The Lawyer’s new China Elite report contains the most detailed research available on the PRC legal market and contains unparalleled insight into the country's leading law firms. They vary in size, practice focus and geographic coverage, but they all share one common quality – ambition... Read more
This year, The Lawyer’s annual ranking of the largest UK law firms by turnover is available as an interactive, digital benchmarking tool. For the first time this will allow you to manipulate each data set against the metrics of your choice.
Withers has been refused permission to appeal to the Supreme Court a dispute brought against it over client money.
In December the appellate court ruled against Withers, finding that when determining whether client money held by a lawyer could be subject to a lien to cover legal fees, the issue was whether the money had been set aside for general purposes or for a purpose that was incompatible with a lien arising.
The ruling overturned a first-instance decision in favour of Withers handed down by Mr Justice Morgan last May (9 May 2011).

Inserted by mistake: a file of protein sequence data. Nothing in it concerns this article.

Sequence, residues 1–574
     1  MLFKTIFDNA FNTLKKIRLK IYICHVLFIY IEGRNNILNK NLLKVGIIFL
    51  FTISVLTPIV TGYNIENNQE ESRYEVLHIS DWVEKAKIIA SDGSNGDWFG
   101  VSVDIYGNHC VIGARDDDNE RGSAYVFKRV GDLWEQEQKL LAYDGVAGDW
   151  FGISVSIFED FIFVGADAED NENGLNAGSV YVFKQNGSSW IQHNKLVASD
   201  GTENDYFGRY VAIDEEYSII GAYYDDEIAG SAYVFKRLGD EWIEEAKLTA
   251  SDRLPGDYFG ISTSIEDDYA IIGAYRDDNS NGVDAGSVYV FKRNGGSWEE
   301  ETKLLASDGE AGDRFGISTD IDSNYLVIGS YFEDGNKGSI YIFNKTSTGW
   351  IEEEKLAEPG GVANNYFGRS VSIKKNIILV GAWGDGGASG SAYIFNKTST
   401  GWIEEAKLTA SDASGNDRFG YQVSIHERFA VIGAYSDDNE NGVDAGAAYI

The firm found itself on the receiving end of a claim after it became tangled up in litigation between its client, Rybak, and Langbar International.
In that case Rybak had agreed to settle the claims against it for £30m. A proportion of that money was paid into the Withers client account to safeguard the cash.
Withers, which instructed Wilberforce Chambers’ Joanna Smith QC at the Court of Appeal (CoA), argued that it should be allowed to set aside £410,000 of that cash to cover the fees incurred by Rybak during the course of its dispute with Langbar.
Langbar, for which 3 Verulam Buildings’ Andrew Fletcher QC was instructed by Jones Day partner Sion Richards, argued that the money was owed to it as part of the settlement. The CoA agreed (5 December 2011).
The Supreme Court rejected the firm’s bid to take its case to the highest court because, it said, “the application does not raise an arguable point of law of general public importance which ought to be considered by the Supreme Court at this time”.
It continued that the case was a “one-off point of construction on which the Court of Appeal were correct”.